Miliband's call for a judge-led inquiry gathers strength

MPs' failure to land a blow on Bob Diamond has bolstered the case for a full inquiry.

It was Lib Dem MP John Thurso's comparison of Bob Diamond with Geoffrey Boycott ("You have been occupying the crease for two and a half hours and I am not sure we are any further forward") that was the defining moment of yesterday's select committee hearing. Put simply, the bowlers weren't up to the job. Their ineptitude exemplified precisely why we need a judge-led inquiry into the Libor scandal.

The Commons will vote today on whether to hold a parliamentary inquiry (the government's preferred option) or a judicial inquiry (Labour's preferred option), with the coalition's sizeable majority almost certain to ensure that MPs back the former. Andrew Tyrie, the chair of the Treasury select committee, has indicated that he will refuse to preside over an inquiry that does not enjoy cross-party support, but today's Financial Times reports that George Osborne, on this occasion, has prepared a plan B. Should Tyrie refuse to chair the inquiry, John McFall, the former Labour chair of the committee, will be asked to lead it instead. McFall will only accept the post with Miliband's blessing, but the offer of a Labour chair will make it harder for Miliband to withhold his support.

Yet George Osborne's evidence-free assertion that Labour ministers were "clearly involved" in the rate-rigging scandal means that consensus could prove elusive. It's worth noting that Miliband isn't the only one banging the drum for a judicial inquiry. The Daily Mail, one of the few papers with the capacity to shift government policy, reaffirms the case for "a proper judge-led public inquiry" in its editorial column today. Indeed, the paper seconds Miliband's proposal of a swift inquiry into the Libor scandal (to report by Christmas), followed by a second year-long inquiry into the wider "culture and practices" of the City of London.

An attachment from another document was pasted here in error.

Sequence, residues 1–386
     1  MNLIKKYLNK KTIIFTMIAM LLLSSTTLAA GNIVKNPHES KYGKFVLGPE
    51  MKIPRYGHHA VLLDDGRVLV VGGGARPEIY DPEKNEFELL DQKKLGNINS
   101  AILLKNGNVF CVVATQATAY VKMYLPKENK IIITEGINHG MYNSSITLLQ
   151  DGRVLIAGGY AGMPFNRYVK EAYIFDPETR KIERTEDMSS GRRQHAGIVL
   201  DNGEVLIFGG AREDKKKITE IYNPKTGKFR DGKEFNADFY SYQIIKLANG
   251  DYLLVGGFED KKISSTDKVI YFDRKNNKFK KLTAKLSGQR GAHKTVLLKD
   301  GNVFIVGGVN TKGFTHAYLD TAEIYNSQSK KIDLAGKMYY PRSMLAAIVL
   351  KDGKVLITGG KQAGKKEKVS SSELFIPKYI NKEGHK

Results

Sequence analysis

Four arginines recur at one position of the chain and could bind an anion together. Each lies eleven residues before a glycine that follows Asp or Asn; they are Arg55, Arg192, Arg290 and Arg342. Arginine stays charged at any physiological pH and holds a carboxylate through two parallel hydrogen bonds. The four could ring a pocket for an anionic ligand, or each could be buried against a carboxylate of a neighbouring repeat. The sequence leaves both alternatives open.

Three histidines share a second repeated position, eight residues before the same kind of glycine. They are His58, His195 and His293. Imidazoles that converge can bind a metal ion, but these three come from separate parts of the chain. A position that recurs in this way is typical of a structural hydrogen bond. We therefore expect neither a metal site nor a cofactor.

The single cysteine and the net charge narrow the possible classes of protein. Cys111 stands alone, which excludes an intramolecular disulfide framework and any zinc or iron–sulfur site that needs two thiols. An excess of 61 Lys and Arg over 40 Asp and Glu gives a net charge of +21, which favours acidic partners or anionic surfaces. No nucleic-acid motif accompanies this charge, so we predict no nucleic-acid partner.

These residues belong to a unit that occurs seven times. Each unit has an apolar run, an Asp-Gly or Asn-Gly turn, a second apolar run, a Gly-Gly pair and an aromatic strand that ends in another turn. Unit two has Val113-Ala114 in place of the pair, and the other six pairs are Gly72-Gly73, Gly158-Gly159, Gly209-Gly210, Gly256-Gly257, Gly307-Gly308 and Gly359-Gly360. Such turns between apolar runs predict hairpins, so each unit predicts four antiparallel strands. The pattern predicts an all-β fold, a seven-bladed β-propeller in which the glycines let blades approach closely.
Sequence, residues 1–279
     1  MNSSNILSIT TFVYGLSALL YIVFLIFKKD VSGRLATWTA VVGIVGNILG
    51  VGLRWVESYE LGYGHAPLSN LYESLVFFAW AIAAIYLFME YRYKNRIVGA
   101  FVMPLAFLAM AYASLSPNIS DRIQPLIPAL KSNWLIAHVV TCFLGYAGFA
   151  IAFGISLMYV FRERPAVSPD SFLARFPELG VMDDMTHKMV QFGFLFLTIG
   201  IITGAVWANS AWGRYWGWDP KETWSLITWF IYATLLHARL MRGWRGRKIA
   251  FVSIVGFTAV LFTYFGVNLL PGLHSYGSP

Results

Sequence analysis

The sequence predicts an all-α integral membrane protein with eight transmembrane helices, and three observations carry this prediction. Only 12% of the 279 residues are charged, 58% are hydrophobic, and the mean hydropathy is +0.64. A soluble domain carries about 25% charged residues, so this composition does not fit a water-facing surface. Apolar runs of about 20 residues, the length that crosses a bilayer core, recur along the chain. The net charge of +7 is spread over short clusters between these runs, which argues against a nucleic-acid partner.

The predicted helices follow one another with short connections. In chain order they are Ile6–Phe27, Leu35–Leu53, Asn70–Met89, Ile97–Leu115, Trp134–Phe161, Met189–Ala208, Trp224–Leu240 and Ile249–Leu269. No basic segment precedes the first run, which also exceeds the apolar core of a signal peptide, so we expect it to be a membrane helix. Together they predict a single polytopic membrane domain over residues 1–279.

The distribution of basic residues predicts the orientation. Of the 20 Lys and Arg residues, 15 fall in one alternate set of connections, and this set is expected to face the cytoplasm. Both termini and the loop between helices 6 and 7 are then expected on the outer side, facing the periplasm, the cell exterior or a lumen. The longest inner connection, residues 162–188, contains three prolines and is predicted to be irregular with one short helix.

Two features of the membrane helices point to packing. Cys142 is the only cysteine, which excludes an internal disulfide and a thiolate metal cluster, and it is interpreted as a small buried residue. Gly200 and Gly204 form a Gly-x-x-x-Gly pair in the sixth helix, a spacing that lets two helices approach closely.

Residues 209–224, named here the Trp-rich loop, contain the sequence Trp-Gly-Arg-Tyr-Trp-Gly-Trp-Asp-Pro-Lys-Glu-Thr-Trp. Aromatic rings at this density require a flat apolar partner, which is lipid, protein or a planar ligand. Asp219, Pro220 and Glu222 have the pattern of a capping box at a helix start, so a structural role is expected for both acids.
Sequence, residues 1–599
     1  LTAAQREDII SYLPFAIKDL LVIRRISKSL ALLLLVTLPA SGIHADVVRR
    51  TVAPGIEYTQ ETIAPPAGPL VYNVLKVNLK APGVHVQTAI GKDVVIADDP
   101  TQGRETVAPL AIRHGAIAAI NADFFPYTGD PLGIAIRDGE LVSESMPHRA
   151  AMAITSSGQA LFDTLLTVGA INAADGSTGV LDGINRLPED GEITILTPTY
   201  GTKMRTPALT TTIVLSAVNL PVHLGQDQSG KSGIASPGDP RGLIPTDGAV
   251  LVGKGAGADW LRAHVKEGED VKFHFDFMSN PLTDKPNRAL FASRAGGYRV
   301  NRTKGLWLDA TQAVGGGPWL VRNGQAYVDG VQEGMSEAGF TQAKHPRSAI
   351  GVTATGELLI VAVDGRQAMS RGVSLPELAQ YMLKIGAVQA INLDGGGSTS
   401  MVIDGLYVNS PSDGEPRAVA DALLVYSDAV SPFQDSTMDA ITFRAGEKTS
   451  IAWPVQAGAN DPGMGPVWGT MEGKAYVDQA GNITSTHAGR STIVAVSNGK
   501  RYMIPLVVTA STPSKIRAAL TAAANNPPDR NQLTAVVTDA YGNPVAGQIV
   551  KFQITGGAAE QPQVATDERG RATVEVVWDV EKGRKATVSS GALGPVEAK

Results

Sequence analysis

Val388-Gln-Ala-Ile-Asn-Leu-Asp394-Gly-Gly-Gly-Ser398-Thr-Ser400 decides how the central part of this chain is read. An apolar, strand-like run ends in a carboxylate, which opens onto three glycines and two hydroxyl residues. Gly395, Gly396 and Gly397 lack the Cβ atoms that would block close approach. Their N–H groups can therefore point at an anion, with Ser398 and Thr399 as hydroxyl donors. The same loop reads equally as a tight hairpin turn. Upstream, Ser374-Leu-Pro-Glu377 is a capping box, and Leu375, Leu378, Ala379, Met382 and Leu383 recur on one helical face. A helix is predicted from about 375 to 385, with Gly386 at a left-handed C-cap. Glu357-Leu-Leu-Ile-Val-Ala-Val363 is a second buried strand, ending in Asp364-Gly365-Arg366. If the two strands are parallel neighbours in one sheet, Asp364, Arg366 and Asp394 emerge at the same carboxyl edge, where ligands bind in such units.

As I suggested yesterday, the unending argument over which party called for the least regulation, matters less than who is seen to have the right policy now. One of Cameron's biggest problems is that he leads a party that voters see as far too close to the banks (a party "bankrolled by the banks", in Miliband's words) and other vested interests. It is one that his opposition to a judge-led inquiry (backed by 75 per cent of voters, according to YouGov) will only increase.

Former Barclays chief executive Bob Diamond leaves Portcullis House after appearing before the Treasury Select Committee. Photograph: Getty Images.

George Eaton is political editor of the New Statesman.

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Quiz: Can you identify fake news?

The furore around "fake" news shows no sign of abating. Can you spot what's real and what's not?

Hillary Clinton has spoken out today to warn about the fake news epidemic sweeping the world. Clinton went as far as to say that "lives are at risk" from fake news, the day after Pope Francis compared reading fake news to eating poop. (Side note: with real news like that, who needs the fake stuff?)

The sweeping distrust in fake news has caused some confusion, however, as many are unsure about how to actually tell the reals and the fakes apart. Short from seeing whether the logo will scratch off and asking the man from the market where he got it from, how can you really identify fake news? Take our test to see whether you have all the answers.

 

 

In all seriousness, many claim that identifying fake news is a simple matter of checking the source and disbelieving anything "too good to be true". Unfortunately, however, fake news outlets post real stories too, and real news outlets often slip up and publish the fakes. Use fact-checking websites like Snopes to really get to the bottom of a story, and always do a quick Google before you share anything. 

Amelia Tait is a technology and digital culture writer at the New Statesman.